Review: Astrologaster‘s Shakespearean Pop-Up Book Story Pushes The Medium Forward
Popular PC/mobile game Astrologaster recently made a journey to Nintendo Switch, and as it turns out it’s right at home there. Developed by Nyamyam games back in 2019, now you can experience the narrative driven adventure on your home console. The choice is yours, and with this game it’s all about your choices.
Astrologaster puts you in the shoes of Simon Forman, an aspiring doctor that has yet to get his medical license. His aspirations reach for the stars, in more ways than one, as Simon treats his patients by reading the constellations and star movements to give them advice or even predict their futures, whether or not they like the answers he sees in those stars.
Astrologaster’s story is presented in a wonderful pop-up book motif with every new segment presented at a turn of the page, and characters designed in perfect papercraft. The transitions provide a remarkable fairytale backdrop to the proceedings along with musical transitions sung by a chorus of English carolers, spelling out the plot as it unravels. Astrologaster is fully voice acted with such impeccable timing and emotion, you’d think that you were watching a full Broadway play. Its presentation is exemplary, and were its adult content removed, it could function as a children’s interactive story book.
As far as gameplay is concerned, playing as Simon Forman is a delicate endeavor. In an attempt to prove his legitimacy as a doctor, Simon takes it upon himself to take on patients and solve their problems. One by one the patients are given a brief lyrical introduction followed by a full conversation explaining their issue. Then the stars are presented with varying solutions and dialogue options to choose from. Picking the right answers proves difficult. Do you try to make the patient happy or tell them the truth? The “right” answer results in favor with the patient but wrong answers will have them leave your office upset.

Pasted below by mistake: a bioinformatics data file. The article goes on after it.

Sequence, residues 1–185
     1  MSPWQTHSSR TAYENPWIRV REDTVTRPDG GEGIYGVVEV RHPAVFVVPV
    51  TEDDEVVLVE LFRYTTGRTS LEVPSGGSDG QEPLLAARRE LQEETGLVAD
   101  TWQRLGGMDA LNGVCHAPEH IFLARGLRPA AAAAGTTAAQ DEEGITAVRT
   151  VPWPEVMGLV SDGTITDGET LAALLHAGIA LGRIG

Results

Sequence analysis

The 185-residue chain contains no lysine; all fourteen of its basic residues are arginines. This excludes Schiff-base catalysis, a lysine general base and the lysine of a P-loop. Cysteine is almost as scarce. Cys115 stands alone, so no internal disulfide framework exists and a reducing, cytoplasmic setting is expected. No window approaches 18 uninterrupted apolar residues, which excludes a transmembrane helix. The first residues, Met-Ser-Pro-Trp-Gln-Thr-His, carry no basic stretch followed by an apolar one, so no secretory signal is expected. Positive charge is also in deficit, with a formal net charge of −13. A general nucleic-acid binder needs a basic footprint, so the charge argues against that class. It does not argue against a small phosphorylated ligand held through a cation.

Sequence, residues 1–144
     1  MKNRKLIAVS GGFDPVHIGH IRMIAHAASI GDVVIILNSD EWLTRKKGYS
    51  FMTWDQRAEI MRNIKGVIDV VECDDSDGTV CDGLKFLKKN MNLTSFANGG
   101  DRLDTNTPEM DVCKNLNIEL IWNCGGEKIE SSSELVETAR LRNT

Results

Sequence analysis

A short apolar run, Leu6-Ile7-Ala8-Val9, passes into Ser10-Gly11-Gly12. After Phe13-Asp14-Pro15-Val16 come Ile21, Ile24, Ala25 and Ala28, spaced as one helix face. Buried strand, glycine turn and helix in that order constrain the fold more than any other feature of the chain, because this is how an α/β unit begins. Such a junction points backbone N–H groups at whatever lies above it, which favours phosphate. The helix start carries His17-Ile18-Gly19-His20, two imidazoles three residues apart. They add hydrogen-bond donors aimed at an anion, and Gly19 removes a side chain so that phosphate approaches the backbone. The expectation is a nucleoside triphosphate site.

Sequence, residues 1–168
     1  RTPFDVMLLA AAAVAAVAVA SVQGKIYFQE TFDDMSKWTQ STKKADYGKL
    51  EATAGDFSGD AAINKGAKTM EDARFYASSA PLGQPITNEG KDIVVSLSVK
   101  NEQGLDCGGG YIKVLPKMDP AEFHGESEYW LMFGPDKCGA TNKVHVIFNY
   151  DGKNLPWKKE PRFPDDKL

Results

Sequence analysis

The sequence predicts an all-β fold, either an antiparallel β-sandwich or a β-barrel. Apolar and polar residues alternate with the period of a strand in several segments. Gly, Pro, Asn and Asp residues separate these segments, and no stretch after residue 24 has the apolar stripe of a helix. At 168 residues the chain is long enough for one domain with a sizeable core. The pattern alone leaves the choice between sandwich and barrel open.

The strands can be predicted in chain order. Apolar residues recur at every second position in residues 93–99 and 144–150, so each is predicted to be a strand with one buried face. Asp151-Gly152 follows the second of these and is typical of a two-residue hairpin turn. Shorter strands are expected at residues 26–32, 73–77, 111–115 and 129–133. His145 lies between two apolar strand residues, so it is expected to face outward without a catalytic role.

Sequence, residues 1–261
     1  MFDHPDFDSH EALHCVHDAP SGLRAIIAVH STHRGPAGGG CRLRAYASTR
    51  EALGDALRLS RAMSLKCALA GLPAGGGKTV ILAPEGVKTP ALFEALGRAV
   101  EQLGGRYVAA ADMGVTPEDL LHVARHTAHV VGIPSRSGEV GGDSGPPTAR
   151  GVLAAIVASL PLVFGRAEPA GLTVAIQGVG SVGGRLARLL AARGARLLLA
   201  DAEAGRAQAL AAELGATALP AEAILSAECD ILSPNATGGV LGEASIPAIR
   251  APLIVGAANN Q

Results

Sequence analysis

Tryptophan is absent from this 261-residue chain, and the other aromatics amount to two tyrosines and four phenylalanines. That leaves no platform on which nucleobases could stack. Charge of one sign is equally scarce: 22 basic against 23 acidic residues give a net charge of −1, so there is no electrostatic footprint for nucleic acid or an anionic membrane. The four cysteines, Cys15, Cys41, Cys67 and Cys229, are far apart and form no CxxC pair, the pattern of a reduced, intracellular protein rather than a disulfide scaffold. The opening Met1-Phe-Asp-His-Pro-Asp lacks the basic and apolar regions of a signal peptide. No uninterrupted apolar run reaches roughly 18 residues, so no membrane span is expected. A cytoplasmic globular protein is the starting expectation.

In most cases, the conversations are light and funny, often leaving me curious for a second playthrough with different selections. Upsetting Avis Allen with suggestions that her husband’s inability to perform his “husbandly duties” were due to a “crick in his back” was a hilarious encounter. Selections can have consequences though, as some patients return to discuss the advice you had given previously. Give poor financial investment advice to Thomas Blague and you will be sure to hear about it. The back and forth with every patient felt natural with the old English accents rarely sounding awkward.
The story of Simon Forman follows his journey of pursuing his medical license via patient letters of recommendations. There are dozens of patients, many with repeat visits leading to interesting one off stories to continued tales of woe and comedically failed dinner parties. Most patients receive a satisfying arc with ongoing visits. The stories proceed with Simon’s quest receiving occasional updates and story points. Unfortunately with that, it’s resolved rather quickly and unsatisfyingly, with a few loose threads left dangling. While disappointing, it’s not jarring enough to take away from Astrologaster’s overall presentation.
Astrologaster is a Shakespearean comedy full of choices to be made and new patients to meet. Each character spins new sordid yarns that you absolutely cannot wait to untangle. Unfortunately the overarching story’s ending feels rushed with some arcs feeling unresolved. Otherwise the art style, voice acting and overall package is one that you want to show your friends and family if only to exemplify the medium as art. This game, like the plot, has a lot to unpack.
Astrologaster will be available for Nintendo Switch on February 18th.
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